Much of the rail system is old and trains can be slow. That said, its reach is considerable, with 224 miles of tracks — about three times the size of Metro’s system — running beyond Chicago’s city limits and deep into well-known suburbs such as Evanston (the home of Northwestern University)
Because of the short duration of my trip, choosing the most time efficient method of transport was paramount. Unfortunately, given the option to walk, take the train or take a taxi, the bus lost out. This is in large part due to me spending most of my time in the most rail-dense part of the city with a variety options, of which, the bus was consistently the slowest.
I’ll provide my real-world example. Compare the time and costs from the Park West Neighborhood to the South Loop:
- Bus: 37 minutes
- Walk & Train: 28 minutes
- Taxi: 12 minutes
Considering the bus and taxi times do not factor in traffic, rail wins on all three fronts: reliability, cost and efficiency. Both times I considered taking a bus, I was on the same street as my destination but a few miles away. Knowing Chicago’s streets generally run in a massive grid, I figured a straight-shot on the bus would be a no-brainer. But both times after checking Google Maps, it turned out that walking a few blocks and taking the train would still be faster.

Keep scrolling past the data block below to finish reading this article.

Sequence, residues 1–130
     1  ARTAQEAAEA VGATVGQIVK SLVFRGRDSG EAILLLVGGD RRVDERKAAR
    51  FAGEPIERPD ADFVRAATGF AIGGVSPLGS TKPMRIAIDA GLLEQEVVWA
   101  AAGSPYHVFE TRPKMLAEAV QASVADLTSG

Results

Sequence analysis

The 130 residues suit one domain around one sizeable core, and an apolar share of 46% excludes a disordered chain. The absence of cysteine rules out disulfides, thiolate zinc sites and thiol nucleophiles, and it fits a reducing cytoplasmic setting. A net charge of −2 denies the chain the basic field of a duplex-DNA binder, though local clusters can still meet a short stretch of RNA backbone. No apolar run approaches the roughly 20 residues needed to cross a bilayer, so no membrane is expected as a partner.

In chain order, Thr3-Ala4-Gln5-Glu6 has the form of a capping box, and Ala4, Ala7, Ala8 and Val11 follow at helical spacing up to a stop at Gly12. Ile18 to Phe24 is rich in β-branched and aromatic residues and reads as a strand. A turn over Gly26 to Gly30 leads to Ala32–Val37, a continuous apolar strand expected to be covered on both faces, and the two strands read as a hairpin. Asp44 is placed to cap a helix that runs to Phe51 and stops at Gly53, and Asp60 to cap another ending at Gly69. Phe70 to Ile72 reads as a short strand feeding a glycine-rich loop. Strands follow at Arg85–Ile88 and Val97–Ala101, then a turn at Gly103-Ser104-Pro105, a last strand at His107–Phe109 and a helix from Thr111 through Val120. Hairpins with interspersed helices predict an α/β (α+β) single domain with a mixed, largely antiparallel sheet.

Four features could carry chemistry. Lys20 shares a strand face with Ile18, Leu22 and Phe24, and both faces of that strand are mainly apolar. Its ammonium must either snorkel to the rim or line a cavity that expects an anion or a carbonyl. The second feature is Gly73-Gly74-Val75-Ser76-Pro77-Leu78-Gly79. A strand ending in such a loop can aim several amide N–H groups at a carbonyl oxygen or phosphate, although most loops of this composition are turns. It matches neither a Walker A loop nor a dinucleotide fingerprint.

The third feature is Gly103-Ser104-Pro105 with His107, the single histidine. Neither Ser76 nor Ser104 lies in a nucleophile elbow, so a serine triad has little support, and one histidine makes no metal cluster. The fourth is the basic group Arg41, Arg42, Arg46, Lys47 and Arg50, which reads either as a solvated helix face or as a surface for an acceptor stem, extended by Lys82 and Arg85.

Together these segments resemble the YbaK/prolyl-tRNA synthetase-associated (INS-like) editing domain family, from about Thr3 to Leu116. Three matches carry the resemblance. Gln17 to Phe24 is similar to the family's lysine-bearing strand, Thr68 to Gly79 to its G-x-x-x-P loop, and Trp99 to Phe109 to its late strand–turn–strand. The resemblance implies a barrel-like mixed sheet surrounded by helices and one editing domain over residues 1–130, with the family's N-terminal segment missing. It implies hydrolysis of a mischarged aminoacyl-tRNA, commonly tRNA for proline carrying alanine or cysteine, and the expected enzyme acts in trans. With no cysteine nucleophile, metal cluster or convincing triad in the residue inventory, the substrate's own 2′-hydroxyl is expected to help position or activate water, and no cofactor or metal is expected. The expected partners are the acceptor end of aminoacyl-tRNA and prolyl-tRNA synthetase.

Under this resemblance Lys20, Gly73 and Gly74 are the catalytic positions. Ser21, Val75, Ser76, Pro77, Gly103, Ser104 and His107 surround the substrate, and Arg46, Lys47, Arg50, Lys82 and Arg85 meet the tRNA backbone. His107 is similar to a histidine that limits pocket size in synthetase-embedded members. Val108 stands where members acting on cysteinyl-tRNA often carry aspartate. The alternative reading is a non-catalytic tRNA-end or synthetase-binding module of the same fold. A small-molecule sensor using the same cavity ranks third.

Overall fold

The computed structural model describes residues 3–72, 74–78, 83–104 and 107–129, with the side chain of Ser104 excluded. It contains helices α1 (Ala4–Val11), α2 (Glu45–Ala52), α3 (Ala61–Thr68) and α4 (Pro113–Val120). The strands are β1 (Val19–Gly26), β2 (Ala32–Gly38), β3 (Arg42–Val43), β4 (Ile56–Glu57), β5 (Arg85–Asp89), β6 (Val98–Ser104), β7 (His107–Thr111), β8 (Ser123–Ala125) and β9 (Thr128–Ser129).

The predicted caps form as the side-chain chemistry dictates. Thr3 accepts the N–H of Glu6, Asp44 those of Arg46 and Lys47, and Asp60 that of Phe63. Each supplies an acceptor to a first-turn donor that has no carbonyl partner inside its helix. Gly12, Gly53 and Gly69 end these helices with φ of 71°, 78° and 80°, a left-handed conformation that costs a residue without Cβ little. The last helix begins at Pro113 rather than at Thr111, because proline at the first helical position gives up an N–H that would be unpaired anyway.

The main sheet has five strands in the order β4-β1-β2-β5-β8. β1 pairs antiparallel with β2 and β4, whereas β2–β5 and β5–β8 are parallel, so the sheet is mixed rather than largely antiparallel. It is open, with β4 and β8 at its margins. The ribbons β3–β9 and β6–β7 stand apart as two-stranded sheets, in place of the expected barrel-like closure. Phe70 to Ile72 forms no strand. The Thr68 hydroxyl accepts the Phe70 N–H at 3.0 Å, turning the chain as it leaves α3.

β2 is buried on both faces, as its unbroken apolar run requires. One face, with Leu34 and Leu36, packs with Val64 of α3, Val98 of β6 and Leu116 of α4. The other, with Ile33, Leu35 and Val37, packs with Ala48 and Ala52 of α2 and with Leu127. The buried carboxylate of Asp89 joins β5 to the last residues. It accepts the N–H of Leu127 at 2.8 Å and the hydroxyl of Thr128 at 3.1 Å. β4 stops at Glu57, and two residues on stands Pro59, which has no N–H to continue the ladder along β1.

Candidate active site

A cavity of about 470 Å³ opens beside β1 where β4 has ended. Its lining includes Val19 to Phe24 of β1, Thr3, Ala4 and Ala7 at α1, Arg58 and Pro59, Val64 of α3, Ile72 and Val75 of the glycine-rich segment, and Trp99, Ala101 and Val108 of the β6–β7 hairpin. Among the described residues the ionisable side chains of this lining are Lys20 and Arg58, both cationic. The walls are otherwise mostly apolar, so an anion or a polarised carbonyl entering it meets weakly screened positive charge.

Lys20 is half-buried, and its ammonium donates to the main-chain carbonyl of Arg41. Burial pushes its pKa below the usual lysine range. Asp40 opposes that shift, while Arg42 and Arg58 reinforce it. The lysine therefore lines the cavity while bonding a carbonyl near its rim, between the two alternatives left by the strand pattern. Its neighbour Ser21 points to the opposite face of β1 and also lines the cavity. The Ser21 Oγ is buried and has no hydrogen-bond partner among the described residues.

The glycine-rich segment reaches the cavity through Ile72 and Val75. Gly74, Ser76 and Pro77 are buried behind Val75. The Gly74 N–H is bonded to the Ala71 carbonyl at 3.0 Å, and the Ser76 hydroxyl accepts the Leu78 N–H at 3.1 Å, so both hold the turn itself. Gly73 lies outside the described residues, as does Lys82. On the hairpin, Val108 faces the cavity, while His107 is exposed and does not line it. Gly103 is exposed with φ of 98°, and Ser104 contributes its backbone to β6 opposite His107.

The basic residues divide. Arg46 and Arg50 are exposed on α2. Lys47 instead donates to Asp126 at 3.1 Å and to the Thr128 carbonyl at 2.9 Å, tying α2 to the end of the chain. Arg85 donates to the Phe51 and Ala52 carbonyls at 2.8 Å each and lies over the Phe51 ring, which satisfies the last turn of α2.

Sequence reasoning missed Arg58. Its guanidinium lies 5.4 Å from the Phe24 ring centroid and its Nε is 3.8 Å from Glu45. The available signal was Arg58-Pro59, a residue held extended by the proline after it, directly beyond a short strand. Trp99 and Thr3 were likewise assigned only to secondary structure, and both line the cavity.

Taxis, on the other hand, became a viable option when I traveled in larger groups, mainly in the evenings when traffic became less of a factor and cabbies took the streets en masse.
I had two interactions with customer service, both through service attendants at the stations. There was nothing noteworthy in these encounters other than I was actually face-to-face with a person and was able to get the information I needed. Given that, I’d have to say the CTA’s customer service was solid.
> Frequent and reliable train service to the city core from both airports.
> In downtown and its peripheral core, the city’s built environment is conducive to pedestrian activity, making the prospect of walking to stations or stops less daunting.
> Real-time arrival information at select train stations and bus stops.
> A vast majority of Chicago’s tourist attractions are available via transit (the CTA has a sightseeing brochure here) and if you’re moving about the Loop, you’ll never be more than a few minutes walk from a train station.